Video streaming service Oculu said last week that it had brought a trademark infringement lawsuit against Oculus in U.S. federal court, claiming that consumers might confuse its brand with that of the 3D headset maker.
In the case, filed in the Central District for California, Oculu alleges “false designation of origin, trademark dilution and unfair competition,” according to a lawyer for the claimant.
The video-streaming firm suspects that the headset maker is also building a network to “stream audio and video by means of the Internet” to its headset, attorney John Kristensen said, as quoted by PCMag. Streaming audio and video is already part of Oculus’ roadmap for its gaming headset Rift and according to the attorney, Oculus’ plans to develop its own Internet streaming service were relevant to the case of his client.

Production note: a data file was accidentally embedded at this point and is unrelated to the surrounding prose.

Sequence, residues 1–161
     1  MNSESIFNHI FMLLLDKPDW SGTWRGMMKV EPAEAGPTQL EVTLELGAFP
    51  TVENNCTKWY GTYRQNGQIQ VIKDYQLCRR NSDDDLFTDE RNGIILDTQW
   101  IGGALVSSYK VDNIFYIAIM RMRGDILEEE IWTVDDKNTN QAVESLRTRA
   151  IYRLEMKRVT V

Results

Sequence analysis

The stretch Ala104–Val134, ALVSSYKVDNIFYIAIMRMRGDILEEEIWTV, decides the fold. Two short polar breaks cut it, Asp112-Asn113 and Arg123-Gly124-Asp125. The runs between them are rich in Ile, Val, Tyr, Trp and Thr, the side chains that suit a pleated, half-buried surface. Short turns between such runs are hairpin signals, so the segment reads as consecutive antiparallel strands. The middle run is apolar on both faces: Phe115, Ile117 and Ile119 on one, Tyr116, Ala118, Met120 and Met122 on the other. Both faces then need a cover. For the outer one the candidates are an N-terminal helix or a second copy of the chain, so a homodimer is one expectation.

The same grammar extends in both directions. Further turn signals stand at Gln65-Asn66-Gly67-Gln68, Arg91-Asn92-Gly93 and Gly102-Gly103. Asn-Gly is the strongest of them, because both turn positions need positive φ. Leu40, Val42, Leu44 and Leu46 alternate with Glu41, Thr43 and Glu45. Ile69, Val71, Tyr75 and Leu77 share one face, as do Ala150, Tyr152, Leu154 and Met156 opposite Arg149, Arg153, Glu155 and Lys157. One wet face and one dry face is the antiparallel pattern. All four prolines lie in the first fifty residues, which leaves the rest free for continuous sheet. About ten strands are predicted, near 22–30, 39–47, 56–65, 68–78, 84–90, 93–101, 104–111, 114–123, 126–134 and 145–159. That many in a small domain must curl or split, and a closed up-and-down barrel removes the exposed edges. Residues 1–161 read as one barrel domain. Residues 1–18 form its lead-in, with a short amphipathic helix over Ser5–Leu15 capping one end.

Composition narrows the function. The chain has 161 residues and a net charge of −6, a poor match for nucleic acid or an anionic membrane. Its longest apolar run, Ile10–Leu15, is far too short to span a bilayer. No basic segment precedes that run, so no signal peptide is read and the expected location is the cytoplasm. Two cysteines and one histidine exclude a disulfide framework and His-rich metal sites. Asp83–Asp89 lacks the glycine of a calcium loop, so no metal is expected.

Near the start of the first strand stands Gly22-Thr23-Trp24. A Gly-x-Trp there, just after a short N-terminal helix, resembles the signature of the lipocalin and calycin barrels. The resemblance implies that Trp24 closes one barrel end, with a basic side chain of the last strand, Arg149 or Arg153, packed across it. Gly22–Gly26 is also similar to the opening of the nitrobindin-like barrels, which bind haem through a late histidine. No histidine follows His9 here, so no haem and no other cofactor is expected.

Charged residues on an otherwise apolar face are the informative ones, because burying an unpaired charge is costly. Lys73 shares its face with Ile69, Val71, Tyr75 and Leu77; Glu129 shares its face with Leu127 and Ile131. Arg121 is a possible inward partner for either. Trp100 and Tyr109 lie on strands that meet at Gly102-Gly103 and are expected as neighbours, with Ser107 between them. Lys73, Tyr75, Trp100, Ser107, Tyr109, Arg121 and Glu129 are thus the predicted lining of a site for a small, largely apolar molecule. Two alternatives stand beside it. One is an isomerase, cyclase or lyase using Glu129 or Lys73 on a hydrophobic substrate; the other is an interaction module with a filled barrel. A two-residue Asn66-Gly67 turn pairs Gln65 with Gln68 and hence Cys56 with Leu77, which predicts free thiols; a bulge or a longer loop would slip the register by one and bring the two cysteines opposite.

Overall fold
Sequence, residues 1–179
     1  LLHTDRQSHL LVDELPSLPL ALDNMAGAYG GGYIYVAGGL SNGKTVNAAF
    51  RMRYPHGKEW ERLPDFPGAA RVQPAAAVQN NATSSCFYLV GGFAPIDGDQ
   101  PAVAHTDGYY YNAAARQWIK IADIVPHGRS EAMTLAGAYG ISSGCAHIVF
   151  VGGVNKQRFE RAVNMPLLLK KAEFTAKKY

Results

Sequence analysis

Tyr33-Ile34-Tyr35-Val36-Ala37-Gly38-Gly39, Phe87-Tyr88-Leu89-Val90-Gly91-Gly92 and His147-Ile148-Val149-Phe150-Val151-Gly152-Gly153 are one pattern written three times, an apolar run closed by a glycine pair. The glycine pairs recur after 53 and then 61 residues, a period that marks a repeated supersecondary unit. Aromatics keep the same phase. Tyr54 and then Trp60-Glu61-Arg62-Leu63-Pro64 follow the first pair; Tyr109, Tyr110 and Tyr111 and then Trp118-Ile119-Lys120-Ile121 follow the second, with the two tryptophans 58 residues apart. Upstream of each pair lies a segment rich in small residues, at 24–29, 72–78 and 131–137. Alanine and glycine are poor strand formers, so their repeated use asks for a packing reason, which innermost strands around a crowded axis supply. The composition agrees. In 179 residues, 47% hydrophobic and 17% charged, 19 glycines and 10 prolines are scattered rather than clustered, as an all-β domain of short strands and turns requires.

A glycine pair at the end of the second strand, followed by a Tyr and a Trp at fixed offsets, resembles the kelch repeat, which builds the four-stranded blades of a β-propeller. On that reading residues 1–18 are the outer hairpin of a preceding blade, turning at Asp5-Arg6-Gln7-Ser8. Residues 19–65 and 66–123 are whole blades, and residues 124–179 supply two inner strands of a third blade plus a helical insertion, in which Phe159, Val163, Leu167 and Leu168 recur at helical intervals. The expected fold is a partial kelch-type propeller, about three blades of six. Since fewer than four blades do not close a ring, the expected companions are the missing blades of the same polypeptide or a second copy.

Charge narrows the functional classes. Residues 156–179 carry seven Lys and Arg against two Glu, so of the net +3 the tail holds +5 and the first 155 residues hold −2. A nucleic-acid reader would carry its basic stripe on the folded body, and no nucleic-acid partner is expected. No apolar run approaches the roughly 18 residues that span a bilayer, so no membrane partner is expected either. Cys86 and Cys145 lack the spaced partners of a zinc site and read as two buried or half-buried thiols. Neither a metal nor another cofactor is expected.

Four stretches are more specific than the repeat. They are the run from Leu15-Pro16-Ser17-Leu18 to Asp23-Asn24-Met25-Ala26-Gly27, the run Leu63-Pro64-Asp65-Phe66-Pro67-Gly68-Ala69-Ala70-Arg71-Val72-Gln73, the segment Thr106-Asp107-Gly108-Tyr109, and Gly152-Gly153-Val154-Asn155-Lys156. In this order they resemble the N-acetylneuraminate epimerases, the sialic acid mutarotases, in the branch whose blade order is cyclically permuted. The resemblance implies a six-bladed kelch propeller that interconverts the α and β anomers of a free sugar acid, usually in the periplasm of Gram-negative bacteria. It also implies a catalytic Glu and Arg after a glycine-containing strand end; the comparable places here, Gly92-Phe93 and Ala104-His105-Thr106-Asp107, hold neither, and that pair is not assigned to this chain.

Ars Technica commented that the Rift demos shown by Oculus did reveal that the device would be used to display movies in a virtual theatre, but currently there is no information about any streaming video component for the Rift.
Oculu registered its trademark in 2010; two years before Oculus’s creation. When the video streaming service filed its first complaint, it stated that the start-up could have chosen from a number of names instead of simply adding an “s” to its trademark. The lawsuit also alleged that Oculus approached Oculu to talk about buying the domain name of the streaming service, which could imply that Oculus founder Palmer Luckey was aware that the names might confuse consumers.
Do you see a likelihood of confusion?